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J Am Geriatr Soc. 2018 Dec;66(12):2377-2381. doi: 10.1111/jgs.15614. Epub 2018 Oct 15.

Relationship of Neuropsychiatric Symptoms with Falls in Alzheimer's Disease - Does Exercise Modify the Risk?

Author information

1
Department of General Practice, University of Helsinki, Helsinki, Finland.
2
Department of Social Services and Health Care, Helsinki Hospital, Helsinki, Finland.
3
Unit of Primary Health Care, Helsinki University Hospital, Helsinki, Finland.
4
Home Care, City of Espoo, Espoo, Finland.
5
Department of Medicine, University of Helsinki, Helsinki, Finland.
6
Geriatric Clinic, Helsinki University Hospital, Helsinki, Finland.
7
Center for Life Course Health Research, University of Oulu, Oulu, Finland.

Abstract

OBJECTIVES:

To explore how neuropsychiatric symptoms (NPS) are associated with number of falls and how exercise modifies the risk of falling in community-dwelling people with Alzheimer's disease (AD) and NPS.

DESIGN:

Secondary analysis of a randomized controlled trial.

SETTING:

Community.

PARTICIPANTS:

Community-dwelling individuals with AD (N=210) who completed the Neuropsychiatric Inventory (NPI) (N = 179).

INTERVENTION:

Participants were randomized into 3 groups: group-based exercise (4-hour sessions with approximately 1 hour of training) and tailored home-based exercise (1 hour of training) twice a week for 1 year and a control group receiving usual community care. In this secondary analysis, we merged the home-based and group-based exercise groups and compared this group with the control group.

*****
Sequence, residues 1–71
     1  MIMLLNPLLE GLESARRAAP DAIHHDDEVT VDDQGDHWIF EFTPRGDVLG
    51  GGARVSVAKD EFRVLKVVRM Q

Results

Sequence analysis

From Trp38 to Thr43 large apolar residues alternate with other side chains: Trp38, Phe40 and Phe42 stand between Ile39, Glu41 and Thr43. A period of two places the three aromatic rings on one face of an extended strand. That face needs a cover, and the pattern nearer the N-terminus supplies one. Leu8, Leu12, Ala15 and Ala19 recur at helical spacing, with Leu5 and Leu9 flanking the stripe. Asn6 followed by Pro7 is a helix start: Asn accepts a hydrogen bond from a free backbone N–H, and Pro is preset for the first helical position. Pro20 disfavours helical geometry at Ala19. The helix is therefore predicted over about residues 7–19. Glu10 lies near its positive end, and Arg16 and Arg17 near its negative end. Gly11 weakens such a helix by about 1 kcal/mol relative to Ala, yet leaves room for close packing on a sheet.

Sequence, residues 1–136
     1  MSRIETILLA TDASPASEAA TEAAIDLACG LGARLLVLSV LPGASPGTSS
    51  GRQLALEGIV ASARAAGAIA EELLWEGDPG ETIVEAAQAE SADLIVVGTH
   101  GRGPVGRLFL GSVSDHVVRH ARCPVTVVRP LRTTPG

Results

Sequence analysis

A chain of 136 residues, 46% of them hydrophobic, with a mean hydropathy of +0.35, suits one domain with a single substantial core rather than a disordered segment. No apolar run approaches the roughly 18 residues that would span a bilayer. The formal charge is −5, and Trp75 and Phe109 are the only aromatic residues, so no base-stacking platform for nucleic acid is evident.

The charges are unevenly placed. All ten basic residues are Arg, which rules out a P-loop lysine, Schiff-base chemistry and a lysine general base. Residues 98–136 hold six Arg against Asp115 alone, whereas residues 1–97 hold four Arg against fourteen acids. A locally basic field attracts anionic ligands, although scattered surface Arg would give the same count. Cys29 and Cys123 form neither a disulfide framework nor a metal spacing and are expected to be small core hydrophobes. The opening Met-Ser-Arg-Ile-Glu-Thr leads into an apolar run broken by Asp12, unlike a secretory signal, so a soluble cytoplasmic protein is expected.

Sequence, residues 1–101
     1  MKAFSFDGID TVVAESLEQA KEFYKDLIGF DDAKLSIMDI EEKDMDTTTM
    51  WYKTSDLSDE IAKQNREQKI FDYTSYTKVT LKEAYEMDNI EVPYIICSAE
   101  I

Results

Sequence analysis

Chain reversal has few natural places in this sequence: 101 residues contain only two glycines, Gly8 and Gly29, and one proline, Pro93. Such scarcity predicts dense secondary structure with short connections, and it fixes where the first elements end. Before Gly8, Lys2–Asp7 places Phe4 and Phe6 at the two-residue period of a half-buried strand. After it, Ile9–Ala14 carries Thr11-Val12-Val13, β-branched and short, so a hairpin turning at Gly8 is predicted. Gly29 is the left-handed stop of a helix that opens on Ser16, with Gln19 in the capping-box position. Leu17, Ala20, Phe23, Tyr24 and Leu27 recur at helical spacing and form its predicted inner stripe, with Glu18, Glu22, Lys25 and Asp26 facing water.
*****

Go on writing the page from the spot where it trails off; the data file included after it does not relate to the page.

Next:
MEASUREMENTS:

NPS were measured using the NPI at baseline, and spousal caregivers recorded falls in daily fall diaries during 1 year of follow-up.

RESULTS:

The number of falls increased linearly with NPI score in the control group. Fall rates were 1.48 (95% confidence interval (CI)=1.26-1.73) per person-year in the intervention group and 2.87 (95% CI=2.43-3.35) in the control group. Adjusted for age, sex, Mini-Mental State Examination (MMSE) score, and Short Physical Performance Battery (SPPB) score, incidence rate ratio (IRR) was 0.48 (95% Cl=0.39-0.60, p < .001). Main effects for fall rate were significant for group (p < .001) and NPI total (p < .02); the interaction effect was also significant (p = .009) (adjusted for sex, age, MMSE score, SPPB score, and psychotropic medication use).

CONCLUSION:

Exercise may decrease the risk of falling in community-dwelling individuals with AD and NPS. Future exercise trials should confirm this finding in participants with significant NPS.

TRIAL REGISTRATION:

ACTRN12608000037303. J Am Geriatr Soc 66:2377-2381, 2018.

KEYWORDS:

Alzheimer's disease; NPI; exercise; falls; neuropsychiatric symptoms

PMID:
30320427
DOI:
10.1111/jgs.15614

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